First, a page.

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Tokina 11-16mm f/2.8 AT-X Pro DX II for Canon
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The Tokina 11-16mm f/2.8 AT-X Pro DX II for Canon
The Tokina 11-16mm f/2.8 AT-X PRO DX II is the update to the ever-popular original Tokina 11-16mm f/2.8 AT-X PRO DX. Designed for Canon crop-frame cameras, it offers high-quality images with relatively low distortion and good corner sharpness. The ultra-wide angle makes it perfect for sweeping landscapes, while its fast f/2.8 aperture allows you to continue shooting even when the light gets low. With a close focus distance of 11.81", subject isolation at f/2.8 is quite noticeable.Improved upon the original version is a multi-layer coating that improves reflections and a built-in silent autofocus motor, making the lens faster and quieter during use. Carried over from its predecessor is the One-touch Focus Clutch Mechanism, which allows quick transition from autofocus to manual focus. If you’re looking for a fast-aperture, ultra-wide lens, the Tokina 11-16mm f/2.8 AT-X PRO DX II is among the best of them.
Comparing the ultra-wide, crop-sensor camera lenses is an extremely difficult task, so I’ll put the summary first: they all deliver excellent image quality and you can’t go wrong with any of them. To my "just taking pictures" assessment they are all excellent. There are some differences though, so I’ll try to point those out so you have a better chance at choosing the one that’s best for you.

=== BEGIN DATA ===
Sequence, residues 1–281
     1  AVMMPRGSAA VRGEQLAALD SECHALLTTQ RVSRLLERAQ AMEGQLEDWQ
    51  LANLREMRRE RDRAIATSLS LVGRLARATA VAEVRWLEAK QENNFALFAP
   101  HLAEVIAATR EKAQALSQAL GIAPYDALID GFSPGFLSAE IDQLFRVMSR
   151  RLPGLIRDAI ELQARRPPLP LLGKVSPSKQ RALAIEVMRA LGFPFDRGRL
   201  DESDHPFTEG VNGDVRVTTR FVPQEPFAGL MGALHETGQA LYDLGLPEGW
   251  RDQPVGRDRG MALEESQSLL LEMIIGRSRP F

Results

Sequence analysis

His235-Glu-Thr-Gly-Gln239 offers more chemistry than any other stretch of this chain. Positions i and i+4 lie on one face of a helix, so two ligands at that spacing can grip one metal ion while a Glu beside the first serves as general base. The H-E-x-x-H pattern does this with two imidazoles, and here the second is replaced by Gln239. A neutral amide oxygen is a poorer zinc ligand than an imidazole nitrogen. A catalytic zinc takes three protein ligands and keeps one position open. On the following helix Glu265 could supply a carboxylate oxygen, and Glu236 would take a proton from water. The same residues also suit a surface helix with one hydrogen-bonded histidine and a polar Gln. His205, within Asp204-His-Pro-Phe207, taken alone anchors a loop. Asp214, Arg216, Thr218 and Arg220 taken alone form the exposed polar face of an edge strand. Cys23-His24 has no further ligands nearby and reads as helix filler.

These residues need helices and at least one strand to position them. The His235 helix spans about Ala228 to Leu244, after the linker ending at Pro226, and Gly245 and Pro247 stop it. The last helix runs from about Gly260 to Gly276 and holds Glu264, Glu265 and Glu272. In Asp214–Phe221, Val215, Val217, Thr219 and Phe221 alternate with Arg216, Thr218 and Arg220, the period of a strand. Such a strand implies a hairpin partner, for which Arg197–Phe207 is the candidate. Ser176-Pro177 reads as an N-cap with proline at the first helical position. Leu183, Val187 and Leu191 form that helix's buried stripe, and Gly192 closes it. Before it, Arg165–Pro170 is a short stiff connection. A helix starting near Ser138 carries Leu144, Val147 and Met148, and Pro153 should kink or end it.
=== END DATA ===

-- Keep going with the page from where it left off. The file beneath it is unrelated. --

The Sigma 8-16 f/4.5-5.6 is the widest (and remember, 8mm is 20% wider than 10mm, so it’s a very real difference). Not quite as sharp in the corners as the others, and lower maximum aperture, but it’s really pretty good, especially considering it’s the widest of the wide.
The Canon 10-22 f/3.5-4.5 is arguably the most flare resistant, the smallest and lightest when that’s important, and has low distortion. It’s also the most expensive and vignettes a bit. I like it a lot, though, and often find myself preferring it because of its small size.
The Sigma 10-20 f/3.5 has a bit more distortion than the others but delivers very nice images and is also built much better than the Canon 10-22. It does everything well and probably is the best value of the bunch.
The Tamron 10-24 f/3.5-4.5 Di II is the least expensive of the bunch and has the longest zoom range. It actually has less barrel distortion than most of the others, but a bit more chromatic aberration (purple fringing) and perhaps a bit more vignetting. But none of these are severe, and the larger zoom range often comes in handy.
The Tokina 11-16 f/2.8 Mk II gives you the widest aperture if you’ll be working in low light (with ultra-wides, depth of field is rarely an important point), but it’s a bit soft at f/2.8, so the aperture advantage isn’t huge (I usually shoot it at f/4 if I can, to get it sharper). It has very little vignetting and distortion, probably the least of the group. Unfortunately, it does show quite a bit of chromatic aberration and is known to flare at times. But if you need f/2.8, this is your only choice, and it’s not a bad lens at all.
The Tokina 12-24 f/4 PRO DX II is built like a sturdy tank (and therefore a bit heavier). It does tend to give low-contrast images when shot into the sun but is quite sharp otherwise. This is the one I’d take if conditions were rough: I pity the rock this bad boy falls on.
But like I said above: they’re all excellent. We hardly ever get anything but happy comments about any of them.
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